• Finally, reheat the remaining honey glaze in the small pot and stir in a table spoon of brown sugar (or soy sauce), reducing it so it becomes a thick syrup. Take the roasting dish from the oven and remove any watery pan juices so only the cooked chicken is left. Coat the chicken with the honey and brown sugar glaze and roast it for 2 – 3 minutes or until the surface caramelizes.
  • Remove the chicken from the oven, cover it, and rest it on a pre-warmed plate for five minutes. Add a squeeze of lemon juice and a little zest, then serve it hot, drizzled with pan jus, or wrap it and have it cold in a fresh mint and pineapple salad the next day.

A jam and honey glaze can be made up in advance and kept for weeks in your fridge. Enjoy it on sliced grilled ham, pork chops, or grilled sausages, even on char-grilled slices of fruit such as nashi, apples, pineapples, or peaches – the possibilities are endless.

Review: Bar Vita, Fukuoka

Our man in Fukuoka, Kupa Hokianga, visits Bar Vita in Nakasu.

In Nakasu, just ten minutes’ walk toward the canal from the Tenjin Business Center, is the chic Italian restaurant Bar Vita, presented by ORTO cafe. My good friend Mat suggested we have lunch there, as Bar Vita is one of only a few non-smoking restaurants in Tenjin.

We arrived just after 12 p.m., greeted by the clatter of plates and the hum of conversation from a relaxed lunchtime crowd. You could tell most were regulars and the staff gestured to the free seating with one hand while holding a stack of white plates and utensils in the other.

An exposed ceiling and dark wood veneer tables dominate the decor. Even on a overcast winter’s day, loads of natural light comes in through the floor to ceiling windows at the front entrance and along one side. A generously proportioned bar with seating runs the length of the exterior window with more tables located in the center floor space. The design really appealed to me and, in fact, Bar Vita would not be out of place on Sydney’s Circular Quay waterfront.

The blackboard lunch menu changes regularly. On the day of our visit we could choose from a choice of spaghetti, pasta, curry, or spaghetti bolognese  for 900 yen. Included in that price was an unlimited selection of fresh breads, salad, soup, and beverages at the service bar in the center of the floor.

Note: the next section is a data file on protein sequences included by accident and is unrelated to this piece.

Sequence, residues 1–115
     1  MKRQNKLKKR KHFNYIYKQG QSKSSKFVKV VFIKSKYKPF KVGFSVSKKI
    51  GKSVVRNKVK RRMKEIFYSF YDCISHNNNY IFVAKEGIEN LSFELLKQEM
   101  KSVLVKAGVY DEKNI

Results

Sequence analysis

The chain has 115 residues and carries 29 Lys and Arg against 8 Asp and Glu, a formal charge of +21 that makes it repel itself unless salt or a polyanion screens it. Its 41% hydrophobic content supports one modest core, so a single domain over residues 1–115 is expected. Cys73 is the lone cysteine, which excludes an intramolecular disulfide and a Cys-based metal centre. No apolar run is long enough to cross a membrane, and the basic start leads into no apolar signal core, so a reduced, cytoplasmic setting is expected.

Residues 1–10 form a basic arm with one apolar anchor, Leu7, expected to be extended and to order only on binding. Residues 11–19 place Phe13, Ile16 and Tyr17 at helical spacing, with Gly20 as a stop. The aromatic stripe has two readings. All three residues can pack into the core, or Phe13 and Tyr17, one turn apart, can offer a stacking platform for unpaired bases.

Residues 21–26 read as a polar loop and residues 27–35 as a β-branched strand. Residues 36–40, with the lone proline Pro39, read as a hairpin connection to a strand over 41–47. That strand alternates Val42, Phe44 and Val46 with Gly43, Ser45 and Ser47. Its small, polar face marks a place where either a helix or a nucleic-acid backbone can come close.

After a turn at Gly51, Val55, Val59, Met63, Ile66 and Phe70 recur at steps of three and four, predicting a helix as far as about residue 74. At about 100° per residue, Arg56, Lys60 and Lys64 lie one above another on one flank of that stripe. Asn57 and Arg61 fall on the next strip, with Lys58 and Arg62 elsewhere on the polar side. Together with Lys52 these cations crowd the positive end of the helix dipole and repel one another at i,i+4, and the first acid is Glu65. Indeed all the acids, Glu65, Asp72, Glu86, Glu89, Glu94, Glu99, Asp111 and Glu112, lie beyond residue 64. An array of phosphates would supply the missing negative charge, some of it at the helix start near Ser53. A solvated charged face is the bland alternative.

I ordered the spaghetti and we found a seat at the bar looking out onto the street. Reading from some printed information, it explained that the bread and sauces are prepared daily at their off site kitchen and bakery in Kego – using only premium ingredients – and delivered to the restaurant each morning. The pasta, along with any additional requests, is cooked to order in the restaurant kitchen. I counted ten different breads available at the salad bar, warmed and replenished by an attentive staff. There were at least six dressings and vinaigrettes to go with the two garden salads. There were several other foods to choose from, including a consomme soup with croutons. This was certainly a step above your average salad bar.

The spaghetti order arrived. My main criticism being that, with the attention to detail everywhere else, I would have liked to have seen a greater attempt to serve the spaghetti al dente and a little hotter. It was not a taste stand-out. My personal preference is for a rustic earthiness in Italian food, but for a city clientele at lunch, loads of garlic at this time of the day may not be wise.

Mat and I spent two hours catching up on gossip with regular trips back to the salad bar for fresh bread, mini pizza slices, and freshly brewed Illy coffee.